We live in a stats-mad age, and while applying my brain to the annual conundrum â€˜who will win the Grand Nationalâ€™, two stats have caught my eye. There are, of course, lies, damned lies and statistics as Disraeli was keen to remind us, and just like form, all they are is a measure of the past.
But weighing up form for the National is rather tough as there are no similar races to draw a line through apart from the one that happened at this time last year. But stats on the big race have accumulated since the first running in 1839.
Now stats tell us that since Corbiere humped 11 stone 4 to victory in 1983, only Hedgehunter in 2005 has carried over 11 stones to victory. This would seem to carve out a very strong case for anything carrying less than that. But before putting a line through the top 14 on this yearâ€™s card, remember this. Until fairly recently, the horses were not weighted so closely together. Often, something like 75 to 80% of the field would be carrying less than 11 stone, and most of them would be out of the handicap. It was done to clobber previous winners and Gold Cup winning horses. But now the handicapper takes a more lenient view. So this stat can safely be ignored.
The other stat is slightly more interesting. 14 out of the previous 18 winners have all come from the first eight in the betting. Itâ€™s not quite the lottery that many like to describe it as. The fact is that since 1989 (when the race was carnage), the course has been made safer, and horses and jockeys have to reach certain qualification levels before they can take part in the great race. These changes have made the race just a little more predictable. So this guide is focussing on the first eight in the betting (in no particular order), five of which are carrying over 11 stone.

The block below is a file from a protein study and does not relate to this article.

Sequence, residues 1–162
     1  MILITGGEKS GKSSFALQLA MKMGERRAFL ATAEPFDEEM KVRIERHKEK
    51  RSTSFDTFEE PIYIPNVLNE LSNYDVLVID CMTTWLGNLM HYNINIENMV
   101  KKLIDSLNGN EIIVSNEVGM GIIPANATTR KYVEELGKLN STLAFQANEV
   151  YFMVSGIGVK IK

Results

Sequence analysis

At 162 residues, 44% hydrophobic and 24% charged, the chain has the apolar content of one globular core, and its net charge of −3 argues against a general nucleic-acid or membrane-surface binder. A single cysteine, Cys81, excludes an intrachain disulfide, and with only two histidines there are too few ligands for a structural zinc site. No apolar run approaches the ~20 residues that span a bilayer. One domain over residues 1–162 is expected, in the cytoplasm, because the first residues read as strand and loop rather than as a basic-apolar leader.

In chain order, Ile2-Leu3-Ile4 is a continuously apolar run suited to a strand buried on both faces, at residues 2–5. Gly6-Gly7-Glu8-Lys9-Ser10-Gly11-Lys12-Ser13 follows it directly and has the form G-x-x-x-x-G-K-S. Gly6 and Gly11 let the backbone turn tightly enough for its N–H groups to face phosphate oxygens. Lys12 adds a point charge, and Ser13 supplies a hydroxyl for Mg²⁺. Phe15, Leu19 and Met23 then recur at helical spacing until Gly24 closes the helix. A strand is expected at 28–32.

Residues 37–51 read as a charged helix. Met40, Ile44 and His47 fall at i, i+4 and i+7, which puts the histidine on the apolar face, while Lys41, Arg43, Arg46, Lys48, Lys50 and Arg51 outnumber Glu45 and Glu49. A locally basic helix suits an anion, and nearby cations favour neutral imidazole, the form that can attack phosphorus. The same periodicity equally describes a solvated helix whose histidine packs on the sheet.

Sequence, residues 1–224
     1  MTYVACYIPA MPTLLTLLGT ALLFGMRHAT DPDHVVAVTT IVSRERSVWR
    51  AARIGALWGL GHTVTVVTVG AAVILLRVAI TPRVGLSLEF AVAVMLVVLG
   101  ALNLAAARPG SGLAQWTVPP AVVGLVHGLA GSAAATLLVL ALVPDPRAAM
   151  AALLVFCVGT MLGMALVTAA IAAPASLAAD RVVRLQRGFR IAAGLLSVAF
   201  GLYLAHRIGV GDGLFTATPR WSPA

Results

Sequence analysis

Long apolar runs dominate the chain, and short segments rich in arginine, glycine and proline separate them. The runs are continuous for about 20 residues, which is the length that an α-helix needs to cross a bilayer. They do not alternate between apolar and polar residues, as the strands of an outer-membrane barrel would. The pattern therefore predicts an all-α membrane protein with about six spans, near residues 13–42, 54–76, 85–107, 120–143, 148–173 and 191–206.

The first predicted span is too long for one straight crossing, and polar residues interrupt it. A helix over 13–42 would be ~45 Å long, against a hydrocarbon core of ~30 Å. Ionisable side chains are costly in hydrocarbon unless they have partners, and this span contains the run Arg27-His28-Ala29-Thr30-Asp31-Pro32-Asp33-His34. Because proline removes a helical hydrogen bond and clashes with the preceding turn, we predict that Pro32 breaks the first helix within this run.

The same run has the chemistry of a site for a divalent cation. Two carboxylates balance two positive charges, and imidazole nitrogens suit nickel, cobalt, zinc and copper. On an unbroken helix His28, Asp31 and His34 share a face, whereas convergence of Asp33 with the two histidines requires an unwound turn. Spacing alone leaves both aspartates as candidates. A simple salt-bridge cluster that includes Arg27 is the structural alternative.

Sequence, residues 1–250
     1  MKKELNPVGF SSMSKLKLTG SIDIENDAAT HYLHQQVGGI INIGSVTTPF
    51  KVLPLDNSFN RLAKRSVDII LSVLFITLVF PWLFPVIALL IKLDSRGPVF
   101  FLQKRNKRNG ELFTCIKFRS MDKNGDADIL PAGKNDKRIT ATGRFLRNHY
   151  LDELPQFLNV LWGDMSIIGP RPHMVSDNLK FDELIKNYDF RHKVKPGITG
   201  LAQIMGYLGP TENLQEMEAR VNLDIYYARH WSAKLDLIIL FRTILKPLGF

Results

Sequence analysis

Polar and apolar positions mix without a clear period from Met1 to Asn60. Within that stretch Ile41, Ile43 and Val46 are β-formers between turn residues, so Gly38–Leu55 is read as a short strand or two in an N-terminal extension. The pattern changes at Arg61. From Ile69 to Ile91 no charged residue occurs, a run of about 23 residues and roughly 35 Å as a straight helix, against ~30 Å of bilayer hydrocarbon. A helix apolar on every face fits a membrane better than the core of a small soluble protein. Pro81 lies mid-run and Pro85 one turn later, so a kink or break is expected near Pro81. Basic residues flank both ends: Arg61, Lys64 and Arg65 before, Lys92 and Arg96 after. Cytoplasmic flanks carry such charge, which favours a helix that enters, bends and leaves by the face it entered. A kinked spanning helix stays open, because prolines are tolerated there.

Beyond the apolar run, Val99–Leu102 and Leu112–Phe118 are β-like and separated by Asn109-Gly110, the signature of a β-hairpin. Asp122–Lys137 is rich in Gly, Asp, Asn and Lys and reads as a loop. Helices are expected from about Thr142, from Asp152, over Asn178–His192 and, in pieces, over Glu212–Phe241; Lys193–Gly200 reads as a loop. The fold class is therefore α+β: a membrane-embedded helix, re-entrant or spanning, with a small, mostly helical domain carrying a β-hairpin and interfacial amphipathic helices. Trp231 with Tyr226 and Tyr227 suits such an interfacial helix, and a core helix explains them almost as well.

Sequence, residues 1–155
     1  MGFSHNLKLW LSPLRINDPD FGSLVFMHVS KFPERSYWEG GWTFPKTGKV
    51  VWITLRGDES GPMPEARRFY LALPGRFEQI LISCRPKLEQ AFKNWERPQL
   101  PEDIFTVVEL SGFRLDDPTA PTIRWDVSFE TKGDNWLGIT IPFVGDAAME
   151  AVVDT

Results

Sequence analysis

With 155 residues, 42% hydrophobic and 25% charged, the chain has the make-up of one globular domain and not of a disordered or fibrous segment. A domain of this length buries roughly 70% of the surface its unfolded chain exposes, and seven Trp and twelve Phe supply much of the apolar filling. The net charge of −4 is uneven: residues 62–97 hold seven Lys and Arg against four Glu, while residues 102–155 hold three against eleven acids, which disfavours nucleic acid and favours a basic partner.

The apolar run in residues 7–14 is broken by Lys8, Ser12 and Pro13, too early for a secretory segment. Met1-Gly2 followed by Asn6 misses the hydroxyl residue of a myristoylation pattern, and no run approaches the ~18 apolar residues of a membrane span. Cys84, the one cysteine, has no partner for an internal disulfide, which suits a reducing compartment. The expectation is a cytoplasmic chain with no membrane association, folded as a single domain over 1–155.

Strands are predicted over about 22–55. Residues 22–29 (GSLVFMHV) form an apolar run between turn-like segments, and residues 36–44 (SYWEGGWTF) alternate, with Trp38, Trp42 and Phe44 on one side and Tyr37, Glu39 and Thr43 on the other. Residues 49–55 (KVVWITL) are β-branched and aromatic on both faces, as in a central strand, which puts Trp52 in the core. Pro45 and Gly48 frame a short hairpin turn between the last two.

COMPLY OR DIE is last yearâ€™s winners and went in to last yearâ€™s race in fine form and 11lbs lighter than he is this year. Heâ€™s not shown his old sparkle in three outings at Cheltenham, and maybe seen to his best now in the marathon events. Heâ€™s reunited with Timmy Murphy who knows his way round Aintree pretty well, and at 20/1 could represent some decent each way value.
Leading trainer, Paul Nicholls, is triple-handed in the race. Earlier this week, stable jockey, Ruby Walsh opted to ride MY WILL, and it instantly shot to the head of the market. With two wins already under his belt (Papillon and Headhunter), Walsh will be seeking to become the first rider since Brian Fletcher (Red Rum 1974) to win the race for a third time. This horse gives him an outstanding chance. This experienced chasing horse has been lightly raced over the last couple of seasons, but caught the eye when finishing 5th in the Cheltenham Gold Cup, previously having occupied the same position in the Hennessey at Newbury.